'display in listbox
 'save to Machines worksheet
 Dim counter As Integer
 'next line receives error
 With Machines
   For counter = 0 To Machines.ListCount - 1
      .List(counter) = UCase(.List(counter))
   Next counter
 End With
End Sub
Rather than have the uppercase conversion occur on each Change event, it would be better to have it just happen when the ListBox is initially populated.

Be careful to match the name of the ListBox exactly as both your examples have mismatches between singular (PressMachine_Change) and plural (PressMachines.counter).
Hello Jerry,

Thanks for your suggestion.
Unfortunately, it didn't work. I received a Runtime Error 438 Object doesn't support this property or method. Could the problem be that I have multiple list boxes of this name on different sheets that I am trying to handle with 1 macro? I tried adding an ActiveSheet. I front of the ListBoxMachines but no help
 
Last edited:

Jerry Sullivan

MrExcel MVP
Joined
Mar 18, 2010
Messages
8,787
No the multiple listboxes with the same name on different sheets isn't the problem. I assumed that you are using ListBoxes on a UserForm instead of embedded in the worksheets and the code will be different.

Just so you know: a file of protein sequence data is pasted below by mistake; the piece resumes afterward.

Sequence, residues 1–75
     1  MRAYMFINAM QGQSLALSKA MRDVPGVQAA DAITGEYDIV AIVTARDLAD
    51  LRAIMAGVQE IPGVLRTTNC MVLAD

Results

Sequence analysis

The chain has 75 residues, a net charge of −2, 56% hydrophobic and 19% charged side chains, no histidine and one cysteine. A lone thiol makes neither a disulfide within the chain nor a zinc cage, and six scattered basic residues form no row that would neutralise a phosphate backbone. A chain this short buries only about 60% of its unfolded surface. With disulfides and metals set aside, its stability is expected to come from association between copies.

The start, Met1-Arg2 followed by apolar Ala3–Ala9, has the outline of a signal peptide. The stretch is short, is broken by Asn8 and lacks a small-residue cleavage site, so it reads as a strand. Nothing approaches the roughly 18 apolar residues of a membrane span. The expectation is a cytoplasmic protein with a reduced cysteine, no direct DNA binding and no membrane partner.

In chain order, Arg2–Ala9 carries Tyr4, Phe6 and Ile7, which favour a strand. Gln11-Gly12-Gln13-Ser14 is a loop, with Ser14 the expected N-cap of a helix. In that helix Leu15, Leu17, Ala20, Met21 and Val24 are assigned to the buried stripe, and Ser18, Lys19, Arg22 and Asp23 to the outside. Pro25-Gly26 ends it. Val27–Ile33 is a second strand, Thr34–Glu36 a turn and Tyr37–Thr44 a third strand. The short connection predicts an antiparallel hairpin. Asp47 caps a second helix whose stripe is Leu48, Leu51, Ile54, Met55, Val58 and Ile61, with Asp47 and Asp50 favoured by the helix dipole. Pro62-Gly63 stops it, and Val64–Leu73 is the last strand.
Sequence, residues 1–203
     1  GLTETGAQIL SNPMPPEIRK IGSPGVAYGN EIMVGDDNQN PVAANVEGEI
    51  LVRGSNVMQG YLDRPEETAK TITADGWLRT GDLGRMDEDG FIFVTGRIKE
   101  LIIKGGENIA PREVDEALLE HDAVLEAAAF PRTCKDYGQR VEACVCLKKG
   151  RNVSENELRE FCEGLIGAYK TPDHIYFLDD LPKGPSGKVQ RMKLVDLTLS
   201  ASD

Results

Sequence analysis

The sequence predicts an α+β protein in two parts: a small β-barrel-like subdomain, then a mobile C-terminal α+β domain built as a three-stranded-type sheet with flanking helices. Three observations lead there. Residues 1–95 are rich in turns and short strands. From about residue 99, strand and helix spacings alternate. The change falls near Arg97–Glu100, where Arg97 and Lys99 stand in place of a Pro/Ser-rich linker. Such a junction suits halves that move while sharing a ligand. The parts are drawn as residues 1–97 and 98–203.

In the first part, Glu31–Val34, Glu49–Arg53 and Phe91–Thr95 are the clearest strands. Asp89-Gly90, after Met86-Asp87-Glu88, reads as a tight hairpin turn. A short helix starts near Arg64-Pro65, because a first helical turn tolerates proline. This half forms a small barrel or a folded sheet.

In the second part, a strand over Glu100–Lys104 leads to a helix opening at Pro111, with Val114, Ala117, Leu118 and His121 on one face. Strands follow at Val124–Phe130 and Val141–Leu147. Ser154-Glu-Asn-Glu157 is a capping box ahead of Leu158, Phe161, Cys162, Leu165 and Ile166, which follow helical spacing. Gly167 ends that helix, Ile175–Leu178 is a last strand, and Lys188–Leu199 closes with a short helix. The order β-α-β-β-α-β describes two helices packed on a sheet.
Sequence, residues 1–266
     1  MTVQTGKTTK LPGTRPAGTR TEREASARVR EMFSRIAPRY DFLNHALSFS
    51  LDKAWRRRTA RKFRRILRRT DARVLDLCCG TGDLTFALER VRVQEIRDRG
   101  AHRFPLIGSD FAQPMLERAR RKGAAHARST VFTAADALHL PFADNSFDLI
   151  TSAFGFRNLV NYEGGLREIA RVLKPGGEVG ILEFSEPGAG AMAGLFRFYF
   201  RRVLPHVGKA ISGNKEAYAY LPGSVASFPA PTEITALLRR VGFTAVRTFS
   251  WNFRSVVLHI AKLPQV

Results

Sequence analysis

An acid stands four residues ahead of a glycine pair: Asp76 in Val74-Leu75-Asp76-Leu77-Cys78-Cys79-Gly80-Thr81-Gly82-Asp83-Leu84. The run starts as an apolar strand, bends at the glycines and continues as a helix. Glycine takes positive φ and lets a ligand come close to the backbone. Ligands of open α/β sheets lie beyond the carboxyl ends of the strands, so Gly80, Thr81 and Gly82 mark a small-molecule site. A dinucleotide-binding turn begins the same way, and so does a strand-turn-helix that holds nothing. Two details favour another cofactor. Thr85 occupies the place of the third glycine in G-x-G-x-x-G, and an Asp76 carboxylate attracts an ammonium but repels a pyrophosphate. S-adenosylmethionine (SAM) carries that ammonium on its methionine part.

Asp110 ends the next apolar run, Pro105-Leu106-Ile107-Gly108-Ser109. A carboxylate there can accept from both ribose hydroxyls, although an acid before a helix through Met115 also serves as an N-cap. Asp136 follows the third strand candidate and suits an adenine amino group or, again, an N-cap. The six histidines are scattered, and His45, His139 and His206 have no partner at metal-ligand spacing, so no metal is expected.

How are you populating your listboxes? Are you using the ListFillRange property or a method like AddItem?
 

dmqueen

Board Regular
Joined
Aug 5, 2014
Messages
53
Jerry,

I just used the control's input range and used a named range on a separate worksheet. I'm converting a Lotus file that had 3300 lines of structured code to Excel and trying to use using O.O.P. practices to severely cut the code down and reuse items when I can. :)
 

Jerry Sullivan

MrExcel MVP
Joined
Mar 18, 2010
Messages
8,787
If you are populating the ListBox using its ListFillRange then you'll need to change the Case of the values in the worksheet ranges to have that change reflected in items displayed in the ListBox. If that's what you want to do, it might be simpler to just have the values in the named ranges Upper Case to begin with, or converted to Upper Case any time they are edited by the user.